- ‘If @realDonaldTrump asks me to deploy Oregon Guard troops to the Mexico border, I’ll say no,’ says Oregon’s Democratic governor Kate Brown
- Presidents can call up National Guard units using two different legal authorities, both enacted by Congress in 1956
- Trump used the weaker of the two on Wednesday, putting the burden on governors to order Guard to duty ‘for operational Homeland Defense activities’
- That means Oregon’s governor and others can ignore the president’s order entirely – or refuse it publicly
The governor of Oregon says she’ll resist any attempt by Donald Trump to deploy her state’s National Guard detachment to protect America’s southern border, and California‘s governor appears poised to follow suit.
The president signed a proclamation on Wednesday that orders Defense Secretary James Mattis to ‘request use of National Guard personnel to assist’ with the Homeland Security Department’s existing border patrol operations.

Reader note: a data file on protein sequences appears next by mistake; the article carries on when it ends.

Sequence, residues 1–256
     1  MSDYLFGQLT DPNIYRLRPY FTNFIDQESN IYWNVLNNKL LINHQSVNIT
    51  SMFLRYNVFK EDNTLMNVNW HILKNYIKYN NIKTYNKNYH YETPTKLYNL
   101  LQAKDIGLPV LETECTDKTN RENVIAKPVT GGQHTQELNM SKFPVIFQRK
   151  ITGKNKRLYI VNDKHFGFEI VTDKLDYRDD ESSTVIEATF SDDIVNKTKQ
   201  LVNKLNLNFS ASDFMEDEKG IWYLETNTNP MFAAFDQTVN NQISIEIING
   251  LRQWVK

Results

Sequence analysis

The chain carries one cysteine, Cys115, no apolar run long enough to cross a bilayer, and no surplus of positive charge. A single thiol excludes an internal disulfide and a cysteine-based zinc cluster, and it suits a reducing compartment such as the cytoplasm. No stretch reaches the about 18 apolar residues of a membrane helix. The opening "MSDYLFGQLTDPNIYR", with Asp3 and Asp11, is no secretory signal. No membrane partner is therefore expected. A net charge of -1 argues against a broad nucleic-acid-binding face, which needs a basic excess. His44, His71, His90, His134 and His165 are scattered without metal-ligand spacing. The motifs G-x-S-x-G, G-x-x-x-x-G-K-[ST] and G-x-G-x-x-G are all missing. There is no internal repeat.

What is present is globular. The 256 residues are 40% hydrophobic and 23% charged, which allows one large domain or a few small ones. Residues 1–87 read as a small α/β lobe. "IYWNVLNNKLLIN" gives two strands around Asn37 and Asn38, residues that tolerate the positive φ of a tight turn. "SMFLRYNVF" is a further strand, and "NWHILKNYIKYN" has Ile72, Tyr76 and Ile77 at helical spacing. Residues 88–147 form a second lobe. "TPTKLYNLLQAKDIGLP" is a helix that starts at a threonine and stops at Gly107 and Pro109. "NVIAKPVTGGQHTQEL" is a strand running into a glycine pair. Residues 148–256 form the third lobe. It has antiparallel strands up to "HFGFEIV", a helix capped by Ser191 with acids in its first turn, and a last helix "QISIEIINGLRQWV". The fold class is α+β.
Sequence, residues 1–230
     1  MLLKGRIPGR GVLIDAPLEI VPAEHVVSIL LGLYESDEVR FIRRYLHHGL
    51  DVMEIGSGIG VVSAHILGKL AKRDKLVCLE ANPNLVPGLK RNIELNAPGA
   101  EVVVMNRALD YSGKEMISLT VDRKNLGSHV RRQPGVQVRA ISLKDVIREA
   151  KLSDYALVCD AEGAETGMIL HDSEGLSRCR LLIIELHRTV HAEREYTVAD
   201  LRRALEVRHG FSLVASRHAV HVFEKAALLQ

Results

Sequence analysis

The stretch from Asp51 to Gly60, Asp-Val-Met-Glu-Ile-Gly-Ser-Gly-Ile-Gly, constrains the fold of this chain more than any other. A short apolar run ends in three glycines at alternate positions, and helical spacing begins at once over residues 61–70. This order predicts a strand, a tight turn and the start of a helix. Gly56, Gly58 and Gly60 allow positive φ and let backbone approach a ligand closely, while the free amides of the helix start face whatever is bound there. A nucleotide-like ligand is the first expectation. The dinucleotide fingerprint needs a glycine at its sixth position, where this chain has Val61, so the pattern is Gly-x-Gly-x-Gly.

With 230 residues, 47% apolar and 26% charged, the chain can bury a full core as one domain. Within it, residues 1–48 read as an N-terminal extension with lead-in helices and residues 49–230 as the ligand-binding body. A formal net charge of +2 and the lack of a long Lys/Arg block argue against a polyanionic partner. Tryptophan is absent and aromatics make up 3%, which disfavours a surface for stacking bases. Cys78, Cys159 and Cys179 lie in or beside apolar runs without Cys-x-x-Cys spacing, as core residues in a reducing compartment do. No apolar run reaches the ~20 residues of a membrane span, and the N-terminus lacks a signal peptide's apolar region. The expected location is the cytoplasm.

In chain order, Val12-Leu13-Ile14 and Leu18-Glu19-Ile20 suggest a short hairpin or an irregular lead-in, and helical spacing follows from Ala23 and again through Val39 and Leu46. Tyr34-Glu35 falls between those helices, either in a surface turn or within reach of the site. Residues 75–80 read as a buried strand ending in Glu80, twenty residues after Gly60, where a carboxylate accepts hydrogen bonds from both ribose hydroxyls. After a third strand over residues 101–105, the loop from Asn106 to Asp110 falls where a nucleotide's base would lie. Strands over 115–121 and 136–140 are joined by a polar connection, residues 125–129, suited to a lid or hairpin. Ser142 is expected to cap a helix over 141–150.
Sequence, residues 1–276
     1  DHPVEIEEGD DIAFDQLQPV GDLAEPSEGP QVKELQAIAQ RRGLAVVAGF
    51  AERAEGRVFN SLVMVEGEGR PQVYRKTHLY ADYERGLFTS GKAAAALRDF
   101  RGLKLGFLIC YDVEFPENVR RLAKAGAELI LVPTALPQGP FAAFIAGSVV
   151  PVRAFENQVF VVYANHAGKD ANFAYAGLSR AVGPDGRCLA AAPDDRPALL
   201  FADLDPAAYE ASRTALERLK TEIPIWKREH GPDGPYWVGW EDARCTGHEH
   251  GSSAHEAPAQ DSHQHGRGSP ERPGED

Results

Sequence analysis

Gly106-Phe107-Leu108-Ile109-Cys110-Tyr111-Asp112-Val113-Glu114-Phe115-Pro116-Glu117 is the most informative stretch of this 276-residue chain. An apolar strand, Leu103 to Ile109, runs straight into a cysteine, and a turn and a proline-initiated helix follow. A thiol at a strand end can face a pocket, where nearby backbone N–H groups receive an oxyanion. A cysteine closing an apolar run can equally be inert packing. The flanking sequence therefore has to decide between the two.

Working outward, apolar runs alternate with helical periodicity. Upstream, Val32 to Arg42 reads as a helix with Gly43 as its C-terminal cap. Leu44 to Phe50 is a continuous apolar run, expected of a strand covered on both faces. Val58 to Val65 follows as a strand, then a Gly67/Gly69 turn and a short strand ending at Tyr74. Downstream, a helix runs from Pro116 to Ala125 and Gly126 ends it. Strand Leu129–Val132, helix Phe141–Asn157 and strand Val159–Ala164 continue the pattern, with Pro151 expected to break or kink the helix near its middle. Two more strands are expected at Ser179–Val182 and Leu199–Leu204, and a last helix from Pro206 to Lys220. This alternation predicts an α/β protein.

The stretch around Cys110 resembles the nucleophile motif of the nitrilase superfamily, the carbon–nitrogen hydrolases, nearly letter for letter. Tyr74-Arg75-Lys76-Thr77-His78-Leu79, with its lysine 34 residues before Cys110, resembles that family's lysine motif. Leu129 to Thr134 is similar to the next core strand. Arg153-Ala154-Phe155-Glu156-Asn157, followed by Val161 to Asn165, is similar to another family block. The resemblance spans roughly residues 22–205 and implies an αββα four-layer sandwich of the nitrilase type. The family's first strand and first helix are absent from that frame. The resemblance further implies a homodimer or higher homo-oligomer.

But governors, whose duties include commanding their states’ Guard units, can say no.
‘If @realDonaldTrump asks me to deploy Oregon Guard troops to the Mexico border, I’ll say no,’ Oregon Gov. Kate Brown tweeted Wednesday. ‘As Commander of Oregon’s Guard, I’m deeply troubled by Trump’s plan to militarize our border.’
Oregon is about 1,000 miles from where the U.S. ends and Mexico begins.
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